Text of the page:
Wednesday, March 8, 2017

City of Saints and Thieves by Natalie C. Anderson



Rating: 3.5/5 stars
Genre: YA lit/Thriller

“Question: what is worth more than diamonds and gold? What is the most stable currency? What thing, when stolen, becomes most dangerous and precious of all? Answer: a secret.”

“People are complicated creatures, my dear. The ways they find of explaining the bad things that happen in the world are not always the right ones. Sometimes they are the easy ones. They are the ones that give them enough comfort to sleep at night, the ones that let them take the blame off themselves.”


After reading the synopsis on the book jacket, I was really interested in this book. Set in Kenya, Tina must solve the case of her mother’s murder and then avenge her death. It sounded like an interesting thriller set in a unique culture, and I love reading books about other cultures so I had high hopes for it. In the end, I decided it was a 3.5 star (not quite a 3, but not a 4). 

I liked the immersion in Tina’s world. She’s become an expert thief and member of a dangerous gang in Kenya after her mother’s death in order to provide for her and her sister, and the whole world of crime and gangs in Africa is super fascinating. The character of Tina reminds me a bit of Inej in Six of Crows, and the Goonda gang in City of Saints and Thieves is reminiscent of Kaz’s gang The Dregs. I enjoyed those similarities.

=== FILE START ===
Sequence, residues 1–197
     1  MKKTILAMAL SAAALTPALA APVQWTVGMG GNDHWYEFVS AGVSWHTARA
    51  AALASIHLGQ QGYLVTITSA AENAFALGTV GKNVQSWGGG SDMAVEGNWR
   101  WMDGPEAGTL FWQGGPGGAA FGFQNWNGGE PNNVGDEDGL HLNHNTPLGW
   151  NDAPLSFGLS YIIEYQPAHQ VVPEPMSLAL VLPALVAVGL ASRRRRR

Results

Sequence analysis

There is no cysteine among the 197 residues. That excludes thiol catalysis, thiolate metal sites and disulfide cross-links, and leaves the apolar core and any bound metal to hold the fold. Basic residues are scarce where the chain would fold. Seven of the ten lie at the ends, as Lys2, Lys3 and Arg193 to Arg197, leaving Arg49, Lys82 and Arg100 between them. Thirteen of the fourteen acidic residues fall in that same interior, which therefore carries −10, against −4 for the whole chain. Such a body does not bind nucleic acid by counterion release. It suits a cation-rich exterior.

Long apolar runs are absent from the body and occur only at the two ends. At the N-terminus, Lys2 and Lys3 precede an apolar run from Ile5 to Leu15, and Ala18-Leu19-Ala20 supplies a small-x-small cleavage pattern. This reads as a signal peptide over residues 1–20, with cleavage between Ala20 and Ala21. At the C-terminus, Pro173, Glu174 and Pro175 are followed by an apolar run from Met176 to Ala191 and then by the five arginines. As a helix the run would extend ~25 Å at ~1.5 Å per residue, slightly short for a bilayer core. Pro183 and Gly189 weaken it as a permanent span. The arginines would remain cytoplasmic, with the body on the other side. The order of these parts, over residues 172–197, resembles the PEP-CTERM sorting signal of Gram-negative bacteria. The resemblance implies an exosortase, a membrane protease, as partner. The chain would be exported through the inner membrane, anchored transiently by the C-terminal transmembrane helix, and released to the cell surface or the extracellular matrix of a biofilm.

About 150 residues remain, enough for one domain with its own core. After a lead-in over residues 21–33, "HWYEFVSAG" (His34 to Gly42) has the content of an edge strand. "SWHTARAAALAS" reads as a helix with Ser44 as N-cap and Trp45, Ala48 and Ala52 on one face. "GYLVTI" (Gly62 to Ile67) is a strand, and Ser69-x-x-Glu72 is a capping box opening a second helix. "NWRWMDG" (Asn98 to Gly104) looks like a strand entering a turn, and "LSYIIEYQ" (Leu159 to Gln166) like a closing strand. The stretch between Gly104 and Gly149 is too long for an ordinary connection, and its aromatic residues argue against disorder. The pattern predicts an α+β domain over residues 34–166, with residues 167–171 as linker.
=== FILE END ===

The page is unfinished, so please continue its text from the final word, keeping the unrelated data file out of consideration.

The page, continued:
Natalie Anderson incorporates Swahili words in italics throughout the novel which gives it a sense of authenticity, and she provides an appendix in the back to explain them. I loved that. She reveals the situation of the people in the Congo through her characters, and shows how the strife and violence affects the individual. But I found myself wanting more about Africa, about the Congo and Kenya. I wanted more immersion in the culture, further details. 

Ultimately, this book didn’t earn a higher rating because it felt too much like YA lit. “Well, that’s ridiculous, that's because it is YA lit!” you say. Yes, but YA lit is often guilty of certain clichés and shallow dialogue/characters/story lines/etc. And this book was guilty of some of those things. I wanted more depth, and I think that if the book had been a little longer, this could have been better developed. 

Overall, it was a super intriguing read, and it makes me want to read more books set in Africa. I’m glad to see a culturally diverse book like this in YA lit and I hope it’s the beginning of many more to come.

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